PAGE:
Capstone Year

Investigating the Public Health Implications of Snap Funding Cuts

Client
Food Bank for New York City
Faculty
Meridith Seife
Team
Amy McDermott, Daniel Wagner, Hai Zhou, Mike Zhu
The Food Bank for New York City (Food Bank), a nonprofit social services organization and leader in food advocacy and policy, aims to end hunger by organizing food, information, and support for community survival, empowerment, and dignity. Food Bank commissioned a Capstone team to determine the public health impacts of potential funding cuts to the Supplemental Nutrition Assistance Program (SNAP). The team focused their work on estimating the potential increase in rates of depression, diabetes, and hypertension associated with increased food insecurity due to funding cuts. The team completed a comprehensive literature review and meta-analysis of research related to food insecurity and the aforementioned public health measures. The team translated the results into tools and graphics that the client can readily share with SNAP stakeholders.
Capstone Year

Financial Modeling of the Cost of Poor Credit in Massachusetts

Client
United Way of Massachusetts Bay and Merrimack Valley
Faculty
John Ceffalio
Team
Yujing Chen, Melissa Mayer, Haojun Qiu, Peter Relyea, Jingyi Wang
The United Way of Massachusetts Bay and Merrimack Valley (United Way), a social services organization providing community programming, is launching a credit building initiative called Boston Builds Credit (BBC). BBC aims to help 25,000 residents achieve prime credit scores by 2025. In Boston, over 50 percent of the population has either low or no credit, subjecting them to higher interest rates and fees on important expenses. The United Way engaged a Capstone team to assess the costs of having low or no credit at the individual and the city levels. The team conducted financial modeling, interviews with experts, and extensive research, concluding that poor credit costs $200,000 more in fees over a lifetime. The team also measured the impact of BBC by calculating the savings generated when individuals improve their credit scores.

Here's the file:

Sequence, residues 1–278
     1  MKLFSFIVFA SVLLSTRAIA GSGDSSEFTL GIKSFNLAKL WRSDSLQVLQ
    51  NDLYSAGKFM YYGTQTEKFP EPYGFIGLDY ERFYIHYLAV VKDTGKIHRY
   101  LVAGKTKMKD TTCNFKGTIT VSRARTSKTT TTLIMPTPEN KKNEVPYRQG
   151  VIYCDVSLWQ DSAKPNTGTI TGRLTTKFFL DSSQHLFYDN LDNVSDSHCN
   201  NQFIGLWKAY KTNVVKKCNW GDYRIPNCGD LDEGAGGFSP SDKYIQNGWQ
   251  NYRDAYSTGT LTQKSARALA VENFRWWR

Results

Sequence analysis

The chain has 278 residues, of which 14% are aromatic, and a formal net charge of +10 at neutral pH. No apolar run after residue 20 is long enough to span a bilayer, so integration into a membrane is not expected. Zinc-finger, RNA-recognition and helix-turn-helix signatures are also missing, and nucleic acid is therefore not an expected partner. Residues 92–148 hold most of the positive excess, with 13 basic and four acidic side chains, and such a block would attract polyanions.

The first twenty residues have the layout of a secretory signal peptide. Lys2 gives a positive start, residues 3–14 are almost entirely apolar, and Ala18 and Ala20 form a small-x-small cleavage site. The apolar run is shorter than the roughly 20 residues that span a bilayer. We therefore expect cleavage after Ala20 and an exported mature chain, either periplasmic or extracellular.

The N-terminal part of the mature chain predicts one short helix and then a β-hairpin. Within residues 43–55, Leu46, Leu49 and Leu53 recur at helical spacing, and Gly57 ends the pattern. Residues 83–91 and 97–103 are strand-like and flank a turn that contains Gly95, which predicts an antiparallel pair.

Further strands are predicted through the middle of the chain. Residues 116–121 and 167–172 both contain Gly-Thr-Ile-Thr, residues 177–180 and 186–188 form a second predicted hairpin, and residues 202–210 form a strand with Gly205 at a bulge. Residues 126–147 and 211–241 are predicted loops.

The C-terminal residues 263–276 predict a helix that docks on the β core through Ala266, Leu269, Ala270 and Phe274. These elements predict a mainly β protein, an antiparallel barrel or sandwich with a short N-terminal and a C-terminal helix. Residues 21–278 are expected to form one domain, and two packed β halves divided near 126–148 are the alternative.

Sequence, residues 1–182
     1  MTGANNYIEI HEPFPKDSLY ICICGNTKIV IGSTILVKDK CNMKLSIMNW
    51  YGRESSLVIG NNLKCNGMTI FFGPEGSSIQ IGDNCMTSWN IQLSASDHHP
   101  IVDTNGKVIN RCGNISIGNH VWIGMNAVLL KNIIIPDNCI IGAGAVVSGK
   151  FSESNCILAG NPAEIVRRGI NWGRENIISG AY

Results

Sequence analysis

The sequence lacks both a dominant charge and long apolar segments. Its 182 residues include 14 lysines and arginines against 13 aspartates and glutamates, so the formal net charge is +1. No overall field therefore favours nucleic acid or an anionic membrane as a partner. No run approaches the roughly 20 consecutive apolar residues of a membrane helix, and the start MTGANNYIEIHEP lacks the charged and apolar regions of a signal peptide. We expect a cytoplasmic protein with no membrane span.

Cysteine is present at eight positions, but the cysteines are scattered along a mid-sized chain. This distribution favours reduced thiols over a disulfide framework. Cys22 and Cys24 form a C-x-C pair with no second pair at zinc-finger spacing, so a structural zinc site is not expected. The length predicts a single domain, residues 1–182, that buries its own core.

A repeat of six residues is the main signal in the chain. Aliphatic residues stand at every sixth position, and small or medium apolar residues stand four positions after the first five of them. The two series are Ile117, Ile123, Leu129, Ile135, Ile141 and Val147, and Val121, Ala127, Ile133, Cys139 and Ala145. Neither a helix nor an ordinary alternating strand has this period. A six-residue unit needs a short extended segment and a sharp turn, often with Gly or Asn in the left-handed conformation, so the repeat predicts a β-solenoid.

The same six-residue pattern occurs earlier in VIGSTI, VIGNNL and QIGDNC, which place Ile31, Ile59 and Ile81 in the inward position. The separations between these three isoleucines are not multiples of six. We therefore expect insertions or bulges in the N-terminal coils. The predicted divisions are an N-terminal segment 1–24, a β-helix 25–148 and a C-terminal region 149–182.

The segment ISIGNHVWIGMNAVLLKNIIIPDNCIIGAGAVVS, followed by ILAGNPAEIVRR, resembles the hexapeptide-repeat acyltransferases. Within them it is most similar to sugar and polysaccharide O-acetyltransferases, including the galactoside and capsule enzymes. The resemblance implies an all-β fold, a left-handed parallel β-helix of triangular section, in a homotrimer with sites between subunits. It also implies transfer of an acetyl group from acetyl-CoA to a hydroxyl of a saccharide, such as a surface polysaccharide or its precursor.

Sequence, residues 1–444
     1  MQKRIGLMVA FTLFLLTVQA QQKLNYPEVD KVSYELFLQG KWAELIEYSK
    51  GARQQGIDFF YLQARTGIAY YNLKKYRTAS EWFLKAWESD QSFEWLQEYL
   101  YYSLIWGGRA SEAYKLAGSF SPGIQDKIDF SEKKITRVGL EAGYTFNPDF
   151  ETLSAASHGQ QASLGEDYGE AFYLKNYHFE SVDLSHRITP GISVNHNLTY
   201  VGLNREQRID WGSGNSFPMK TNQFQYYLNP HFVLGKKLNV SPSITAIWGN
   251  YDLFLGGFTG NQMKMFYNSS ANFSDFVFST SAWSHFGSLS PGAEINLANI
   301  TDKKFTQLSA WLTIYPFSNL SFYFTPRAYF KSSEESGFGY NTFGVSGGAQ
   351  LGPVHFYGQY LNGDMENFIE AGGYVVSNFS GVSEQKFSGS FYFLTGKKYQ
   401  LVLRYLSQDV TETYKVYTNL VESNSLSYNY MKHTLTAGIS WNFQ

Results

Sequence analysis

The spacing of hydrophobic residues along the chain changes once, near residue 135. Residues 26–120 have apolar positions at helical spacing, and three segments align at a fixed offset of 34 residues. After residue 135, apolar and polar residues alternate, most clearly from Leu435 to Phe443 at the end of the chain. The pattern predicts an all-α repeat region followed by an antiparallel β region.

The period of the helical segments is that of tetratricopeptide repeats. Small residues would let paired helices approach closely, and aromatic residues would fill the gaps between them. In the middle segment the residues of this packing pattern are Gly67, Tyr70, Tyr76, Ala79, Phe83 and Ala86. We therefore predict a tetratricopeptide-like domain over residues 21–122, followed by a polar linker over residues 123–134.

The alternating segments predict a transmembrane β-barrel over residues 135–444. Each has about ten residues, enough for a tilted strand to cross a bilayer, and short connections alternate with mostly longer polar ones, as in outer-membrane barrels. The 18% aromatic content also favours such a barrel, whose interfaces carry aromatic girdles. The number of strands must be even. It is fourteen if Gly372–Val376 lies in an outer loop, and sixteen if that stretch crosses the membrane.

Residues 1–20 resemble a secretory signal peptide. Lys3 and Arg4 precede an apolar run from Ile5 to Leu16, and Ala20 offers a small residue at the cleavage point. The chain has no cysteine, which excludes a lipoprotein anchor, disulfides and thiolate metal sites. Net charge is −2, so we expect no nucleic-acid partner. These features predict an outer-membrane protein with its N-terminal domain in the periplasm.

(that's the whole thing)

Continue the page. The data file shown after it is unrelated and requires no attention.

Capstone Year

Assessing the Feasibility of a Shared Services Platform for Education Centers

Client
Low Income Investment Fund
Faculty
Brian David
Team
Magdalena Concha, Yimeng Li, Xingyang Lu, William Weber, Jingyi Zhang
The Low Income Investment Fund (LIIF) is a community-focused lending institution that invests capital in low-income people and communities. LIIF partners with programs offering affordable housing, childcare, education services, healthcare, and transit-oriented development to improve conditions and opportunity for people living in low-income areas. LIIF enlisted a Capstone team to assess the feasibility of launching a shared services platform (SSP) to support early childhood education centers in NYC. The team analyzed existing SSP models, interviewed experts, discussed services with potential clients, estimated demand, and developed an economic model. The team delivered a final report, including a business plan, budget, marketing strategy, and outreach plan, which will be used to implement the platform and optimize its impact.
Capstone Year